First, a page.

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Zabby Allen

By Kate Marsden

I can’t quite recall where I first met the very colourful Zabby Allen, but we often seem to turn up in the same places as one another! Zabby may not agree with me, but she certainly seems to have the multi-hyphen career thing (which so many of us are striving for) sorted with a wonderful array of creative work, including her own range of products.

You may remember Zabby’s fab happy dance from Just A Card week… that sealed the deal for me and I realised that we needed to have a chat!

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Tell us a little about you. What do you do? 

I am a colourful creative from London who freelances for a number of small publications including The Happy Newspaper by Emily Coxhead, Caboodle Magazine (as Crafts Editor) and a mini magazine for the Lucky Dip Club subscription boxes. As well as editing, I create my own products (pins, patches, prints and things) inspired by all the things that make me happiest - like mac & cheese, rainbows and dogs. I also recently joined Toni Bee at the helm of In Colourful Company, a community of people who all share a passion for colour. We host 'Colour Walks' and socials across the UK and are working on some exciting plans for 2019 at the moment. 

I've been trying to figure out a speedy way to describe what I do and clearly I haven't figured that one out yet...

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What does a typical day involve?

Every day is different for me but mostly involves me sitting at my desk in my home studio. I love the variety that my freelance work brings me but I'm also looking forward to making some changes in my multi-hyphenate career to allow me to concentrate on creating more of my own work. I spend far too long staring at screens and I'd love to change that. This is once of the reasons I love In Colourful Company - it gets me out of the house and encourages me to meet new people (and my internet friends IRL!).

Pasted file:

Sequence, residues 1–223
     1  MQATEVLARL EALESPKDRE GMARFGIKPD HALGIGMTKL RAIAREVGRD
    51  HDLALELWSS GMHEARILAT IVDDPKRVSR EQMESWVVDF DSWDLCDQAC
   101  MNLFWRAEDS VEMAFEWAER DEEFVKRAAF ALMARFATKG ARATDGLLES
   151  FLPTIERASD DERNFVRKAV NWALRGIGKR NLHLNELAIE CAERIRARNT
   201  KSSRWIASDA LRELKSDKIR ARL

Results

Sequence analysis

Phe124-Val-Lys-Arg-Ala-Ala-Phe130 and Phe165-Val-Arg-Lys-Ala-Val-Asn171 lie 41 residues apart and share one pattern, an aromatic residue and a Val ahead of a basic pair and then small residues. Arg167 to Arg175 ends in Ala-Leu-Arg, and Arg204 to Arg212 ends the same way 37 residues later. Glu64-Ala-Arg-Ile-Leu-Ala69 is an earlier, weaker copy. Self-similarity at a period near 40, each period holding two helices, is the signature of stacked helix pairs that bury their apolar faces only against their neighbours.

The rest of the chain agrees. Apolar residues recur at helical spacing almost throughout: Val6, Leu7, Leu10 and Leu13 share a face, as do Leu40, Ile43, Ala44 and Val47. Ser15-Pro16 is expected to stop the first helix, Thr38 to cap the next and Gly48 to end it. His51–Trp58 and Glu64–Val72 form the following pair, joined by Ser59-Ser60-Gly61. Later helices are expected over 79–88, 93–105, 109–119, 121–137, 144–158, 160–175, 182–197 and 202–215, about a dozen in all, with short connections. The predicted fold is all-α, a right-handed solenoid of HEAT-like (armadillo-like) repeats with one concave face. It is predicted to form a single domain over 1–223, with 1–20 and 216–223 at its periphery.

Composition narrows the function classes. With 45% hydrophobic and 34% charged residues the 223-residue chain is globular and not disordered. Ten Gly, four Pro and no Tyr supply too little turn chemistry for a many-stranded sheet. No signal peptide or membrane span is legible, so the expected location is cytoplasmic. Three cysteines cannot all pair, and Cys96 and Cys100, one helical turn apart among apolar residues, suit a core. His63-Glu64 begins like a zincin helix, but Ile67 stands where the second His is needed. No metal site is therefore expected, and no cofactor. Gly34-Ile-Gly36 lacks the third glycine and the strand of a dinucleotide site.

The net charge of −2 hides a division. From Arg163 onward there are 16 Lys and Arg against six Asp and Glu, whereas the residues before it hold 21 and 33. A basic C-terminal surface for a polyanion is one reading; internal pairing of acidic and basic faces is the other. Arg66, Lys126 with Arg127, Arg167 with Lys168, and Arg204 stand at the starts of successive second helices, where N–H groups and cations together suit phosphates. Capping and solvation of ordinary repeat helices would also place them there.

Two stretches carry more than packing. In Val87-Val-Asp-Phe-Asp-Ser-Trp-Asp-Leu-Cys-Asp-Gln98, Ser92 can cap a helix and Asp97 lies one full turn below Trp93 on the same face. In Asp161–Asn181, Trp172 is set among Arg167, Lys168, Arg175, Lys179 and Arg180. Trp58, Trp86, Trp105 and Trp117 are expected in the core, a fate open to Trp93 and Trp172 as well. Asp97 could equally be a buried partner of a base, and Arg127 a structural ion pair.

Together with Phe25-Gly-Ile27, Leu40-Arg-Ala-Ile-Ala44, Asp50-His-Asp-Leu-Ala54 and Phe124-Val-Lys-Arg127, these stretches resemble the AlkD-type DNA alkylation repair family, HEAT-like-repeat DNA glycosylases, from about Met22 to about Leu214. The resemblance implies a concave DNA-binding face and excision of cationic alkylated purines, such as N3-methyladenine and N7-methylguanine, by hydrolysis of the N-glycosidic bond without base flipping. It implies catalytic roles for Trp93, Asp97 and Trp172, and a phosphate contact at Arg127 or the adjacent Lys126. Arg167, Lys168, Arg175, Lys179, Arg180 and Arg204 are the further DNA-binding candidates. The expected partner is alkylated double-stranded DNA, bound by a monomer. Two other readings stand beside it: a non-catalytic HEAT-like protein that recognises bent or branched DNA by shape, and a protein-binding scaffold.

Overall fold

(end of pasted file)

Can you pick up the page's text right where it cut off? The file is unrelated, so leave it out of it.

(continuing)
I try and go for a short run in the morning to wake me up but it doesn't always happen (I HATE getting out of bed in the mornings!) before I make a cuppa and make a list of all the things I need to do that day. I don't have a set schedule at the moment, so that's another thing I'm trying to change. I find that I often work better in the evenings, so I'm constantly battling between trying to be a morning person and then having all of my ideas and energy late at night, often the only time I get to spend with my boyfriend or friends...

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Where do you work? What is your studio space like? What do you enjoy doing when you're not working?

I work in a spare room in our shared house in south east London. I love it as it's bright and airy with lots of storage and it's filled with all sorts of colourful things that I've collected over the years.  Ideas definitely don't flow in here though, for that I need to give myself some time off. I love to travel and to get out into nature whenever I can. My Mum lives in a beautiful house in south west Scotland which is always a lovely place to visit when I'm not working (or for a creative retreat). If I'm at home I like to read my book, go to the cinema or to one of London's many street food markets, there's always something going on in an area of SE London. 

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What do you consider to be the main challenges facing designer makers at the moment?

I find myself feeling overwhelmed or burned out on a regular basis. I consume so much information in the space of 24 hours that my brain is fried by the time I get into bed and I think a lot of other people struggle with this too. I'm trying to find a good balance between keeping up with the ever-changing social platforms to promote my business and time off-screen, away from my phone. There are definitely more pressing matters than this facing designers at the moment, but this is definitely something I've been thinking about a lot lately. 

What ambitions do you have for your business over the next few years?